For Israeli leaders, it has been fifteen years since the sky started falling. “It’s 1938,” declared Benjamin Netanyahu in 2006, “and Iran is Nazi Germany.” Iran with a nuclear bomb, he insisted, would mean a second Holocaust. He demanded that the world should overthrow the Islamic Republic, or at least assist an Israel strike to prevent Teheran from joining the nuclear weapons club. According to the new Israeli Prime Minister, Naftali Bennett, and his Defense Minister, Benny Gantz, the sky is still falling. Like Netanyahu before them, they are doing everything they can to delegitimize and destroy diplomatic efforts to limit Iran’s access to nuclear weapons.
In Israel, the oy-veyism about atomic weapons in Iranian hands is normal. For Israel, problems are not simply problems; they are “existential threats.” Indeed, the politicians of no other country portray their state’s survival as threatened so regularly and from so many different angles. Iran at the threshold of the nuclear threshold is the existential threat du jour—the conjured menace that is currently pumping more hysteria into the Israeli political system than any other. As the noted Israeli columnist and author Arie Shavit wrote recently, the Iranian “wolf” is not only “at the door” it is “polishing its teeth and sharpening its claws.” “It is rushing to go nuclear,” he wrote. The time for the “encounter with the wolf” has come.
Because of Israel’s intimate ties to the United States, its military preponderance in the Middle East, and the power of the Israeli lobby in domestic American politics, hysteria in Israel inevitably spills into international politics. Combined with Trump’s foreign policy nihilism it effectively destroyed the JPCOA. If efforts to resurrect or replace that agreement fail, and Israel leaders are doing everything they can to prevent success, the odds of a catastrophic war with and in Iran zoom upward.
That is why it is crucial to go beyond understanding Israeli fears. The American public, American policy-makers, and their European, Russian, and Chinese colleagues seeking a diplomatic path forward, must also understand the three falsehoods that form the basis of Israel’s anti-Iran marketing campaign.
Fear Feigned and Genuine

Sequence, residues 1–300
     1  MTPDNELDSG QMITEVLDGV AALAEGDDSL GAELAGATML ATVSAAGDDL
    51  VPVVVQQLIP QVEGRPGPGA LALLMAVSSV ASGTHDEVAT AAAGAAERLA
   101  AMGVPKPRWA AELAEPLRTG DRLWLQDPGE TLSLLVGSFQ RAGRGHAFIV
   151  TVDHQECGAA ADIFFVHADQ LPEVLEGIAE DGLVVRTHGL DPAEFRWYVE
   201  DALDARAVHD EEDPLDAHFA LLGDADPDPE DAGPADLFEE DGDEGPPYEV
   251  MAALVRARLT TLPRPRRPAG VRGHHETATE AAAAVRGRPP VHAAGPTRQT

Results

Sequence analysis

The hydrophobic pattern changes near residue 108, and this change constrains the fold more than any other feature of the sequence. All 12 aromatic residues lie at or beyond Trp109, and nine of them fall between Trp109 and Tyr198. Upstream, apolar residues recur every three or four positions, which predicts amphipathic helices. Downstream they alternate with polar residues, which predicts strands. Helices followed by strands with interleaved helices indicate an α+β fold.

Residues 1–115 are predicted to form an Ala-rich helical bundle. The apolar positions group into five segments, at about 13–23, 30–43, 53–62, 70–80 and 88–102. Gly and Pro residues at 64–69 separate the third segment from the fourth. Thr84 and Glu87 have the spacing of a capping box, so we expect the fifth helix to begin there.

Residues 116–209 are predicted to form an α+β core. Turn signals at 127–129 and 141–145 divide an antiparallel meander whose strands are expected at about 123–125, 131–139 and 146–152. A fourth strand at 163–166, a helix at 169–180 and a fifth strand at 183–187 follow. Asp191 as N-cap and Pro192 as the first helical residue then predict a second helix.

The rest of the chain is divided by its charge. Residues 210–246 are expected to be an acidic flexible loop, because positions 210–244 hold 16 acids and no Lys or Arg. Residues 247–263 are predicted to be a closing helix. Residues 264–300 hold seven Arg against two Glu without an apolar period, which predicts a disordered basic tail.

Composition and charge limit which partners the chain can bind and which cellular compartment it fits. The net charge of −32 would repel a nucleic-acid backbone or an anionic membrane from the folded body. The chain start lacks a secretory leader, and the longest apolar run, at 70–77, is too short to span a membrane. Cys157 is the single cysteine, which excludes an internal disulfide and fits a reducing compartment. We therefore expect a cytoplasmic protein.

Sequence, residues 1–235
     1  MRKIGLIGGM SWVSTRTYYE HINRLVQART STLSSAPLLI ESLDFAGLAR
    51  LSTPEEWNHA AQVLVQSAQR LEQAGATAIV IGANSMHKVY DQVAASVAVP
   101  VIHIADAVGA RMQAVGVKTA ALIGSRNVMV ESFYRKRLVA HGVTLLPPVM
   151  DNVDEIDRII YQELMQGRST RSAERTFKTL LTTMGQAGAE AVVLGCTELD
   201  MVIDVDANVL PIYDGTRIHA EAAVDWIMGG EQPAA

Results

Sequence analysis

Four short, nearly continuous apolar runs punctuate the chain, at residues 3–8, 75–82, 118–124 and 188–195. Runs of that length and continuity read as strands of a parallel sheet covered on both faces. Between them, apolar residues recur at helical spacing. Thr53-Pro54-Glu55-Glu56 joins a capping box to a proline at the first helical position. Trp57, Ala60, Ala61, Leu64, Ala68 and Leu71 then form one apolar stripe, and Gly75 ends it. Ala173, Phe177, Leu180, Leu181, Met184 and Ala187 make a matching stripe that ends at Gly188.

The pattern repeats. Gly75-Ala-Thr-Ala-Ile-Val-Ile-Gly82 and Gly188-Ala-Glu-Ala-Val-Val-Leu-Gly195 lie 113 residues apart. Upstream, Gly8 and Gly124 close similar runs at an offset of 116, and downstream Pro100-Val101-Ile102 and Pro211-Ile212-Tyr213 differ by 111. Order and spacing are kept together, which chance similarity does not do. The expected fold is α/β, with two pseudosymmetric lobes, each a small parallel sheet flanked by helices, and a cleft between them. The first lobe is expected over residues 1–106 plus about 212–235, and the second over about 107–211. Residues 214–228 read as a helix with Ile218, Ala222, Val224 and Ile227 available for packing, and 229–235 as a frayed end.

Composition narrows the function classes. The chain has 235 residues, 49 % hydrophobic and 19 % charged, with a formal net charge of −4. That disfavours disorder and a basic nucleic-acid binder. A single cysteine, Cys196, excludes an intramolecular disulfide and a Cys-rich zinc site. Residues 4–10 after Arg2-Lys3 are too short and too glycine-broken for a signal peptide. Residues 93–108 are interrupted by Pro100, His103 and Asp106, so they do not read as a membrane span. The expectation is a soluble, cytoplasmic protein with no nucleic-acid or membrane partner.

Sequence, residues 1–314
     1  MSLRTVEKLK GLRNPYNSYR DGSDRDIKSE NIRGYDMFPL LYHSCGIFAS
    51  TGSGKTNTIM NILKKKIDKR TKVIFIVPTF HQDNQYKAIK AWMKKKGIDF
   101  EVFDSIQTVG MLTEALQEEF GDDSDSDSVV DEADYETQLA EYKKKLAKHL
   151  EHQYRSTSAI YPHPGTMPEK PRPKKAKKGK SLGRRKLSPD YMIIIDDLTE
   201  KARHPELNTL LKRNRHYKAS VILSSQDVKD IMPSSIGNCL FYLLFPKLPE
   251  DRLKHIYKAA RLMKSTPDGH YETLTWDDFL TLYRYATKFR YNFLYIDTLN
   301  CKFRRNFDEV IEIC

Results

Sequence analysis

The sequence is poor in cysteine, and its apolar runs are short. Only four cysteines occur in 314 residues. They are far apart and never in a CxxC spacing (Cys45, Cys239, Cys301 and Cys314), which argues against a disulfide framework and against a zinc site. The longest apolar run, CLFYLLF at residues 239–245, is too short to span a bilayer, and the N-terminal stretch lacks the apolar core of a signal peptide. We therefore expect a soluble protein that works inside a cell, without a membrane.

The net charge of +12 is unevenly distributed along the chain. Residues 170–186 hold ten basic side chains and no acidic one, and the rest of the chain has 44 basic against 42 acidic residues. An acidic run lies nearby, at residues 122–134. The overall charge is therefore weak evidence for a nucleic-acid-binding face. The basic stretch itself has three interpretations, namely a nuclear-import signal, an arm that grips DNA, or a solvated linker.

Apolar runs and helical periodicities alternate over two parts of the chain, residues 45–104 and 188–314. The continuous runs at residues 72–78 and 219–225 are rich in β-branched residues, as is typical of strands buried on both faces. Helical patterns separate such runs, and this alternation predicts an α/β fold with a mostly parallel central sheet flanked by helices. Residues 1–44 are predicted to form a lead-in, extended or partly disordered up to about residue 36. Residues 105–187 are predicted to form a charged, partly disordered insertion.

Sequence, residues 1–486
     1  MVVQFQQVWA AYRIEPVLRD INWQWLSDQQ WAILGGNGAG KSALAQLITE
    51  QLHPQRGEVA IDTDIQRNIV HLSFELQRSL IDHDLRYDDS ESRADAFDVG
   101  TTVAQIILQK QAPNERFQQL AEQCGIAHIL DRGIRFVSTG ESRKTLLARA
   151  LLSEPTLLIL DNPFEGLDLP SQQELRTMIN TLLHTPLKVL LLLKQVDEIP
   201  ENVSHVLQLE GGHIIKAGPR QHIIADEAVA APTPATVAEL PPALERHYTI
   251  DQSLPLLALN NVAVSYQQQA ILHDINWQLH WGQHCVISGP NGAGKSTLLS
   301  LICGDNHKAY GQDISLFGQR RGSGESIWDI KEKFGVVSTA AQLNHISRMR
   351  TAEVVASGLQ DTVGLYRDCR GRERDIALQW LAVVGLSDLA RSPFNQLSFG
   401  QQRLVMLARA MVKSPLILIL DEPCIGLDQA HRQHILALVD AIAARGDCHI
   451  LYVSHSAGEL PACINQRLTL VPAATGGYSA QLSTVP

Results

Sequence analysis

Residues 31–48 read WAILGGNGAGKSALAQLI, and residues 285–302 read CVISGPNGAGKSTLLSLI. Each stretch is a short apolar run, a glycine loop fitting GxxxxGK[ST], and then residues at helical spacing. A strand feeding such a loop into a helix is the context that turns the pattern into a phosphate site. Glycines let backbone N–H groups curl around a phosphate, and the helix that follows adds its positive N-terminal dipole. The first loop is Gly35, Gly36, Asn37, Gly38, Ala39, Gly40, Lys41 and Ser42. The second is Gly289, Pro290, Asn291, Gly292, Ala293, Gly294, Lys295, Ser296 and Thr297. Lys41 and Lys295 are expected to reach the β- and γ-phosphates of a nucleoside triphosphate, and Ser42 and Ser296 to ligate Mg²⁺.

The first falsehood is the idea that the Israeli government genuinely fears an Iranian nuclear attack. Regardless of what many ordinary Israelis have been encouraged to feel about their country as a “one-bomb state,” neither Israeli security nor political elites have ever thought that if Iran has the bomb it will drop it on Israel. Israel’s nuclear arsenal includes at least 90 warheads, enough plutonium for 100 more, and multiple advanced delivery systems.
Truly colossal sums have been spent on this “ultimate deterrent.” It is a gigantic investment entirely devoted to ensuring Israel’s ability to deter any potential adversary from using weapons of mass destruction against it. To claim that Israel cannot feel secure against an Iranian nuclear weapon would constitute a devastating repudiation of what the entire political and military establishment in Israel has insisted for decades: that massive expenditures on its “Dimona Project” are justified.
So, what really perturbs Gantz, Bennet, Netanyahu, and so many other Israelis who speak about Iran in such apocalyptic in frenzied terms? Simply put, they fear the loss of Israeli hegemony. An Iranian state capable of perhaps using a nuclear weapon would end Israel’s status as the confidently preponderant military power in the region by adding uncertainty and risk to military action of any kind. That Israeli leaders now decry Iran for its ambition to become the regional hegemon only adds to the depth of the chutzpah they exhibit by denouncing Iranian trickery and lies about nuclear ambitions. After all, Israel is the Middle Eastern state, thanks to decades of dissimulation, that has deployed a world-class nuclear arsenal while denying it has “introduced” atomic weapons into the region.
The real problem, in other words, is not that Iran as a nuclear threshold state might lead to an incinerated Israel. The problem is that it would lead to a partially deterred Israel. Indeed, Hezbollah’s massive retaliation capacity in Lebanon already gives Israeli planners the bitter sense of themselves being deterred from their past practice of using sabotage and military force in relatively costless ways in Gaza, Lebanon, Syria, Iraq, and, of course, in Iran.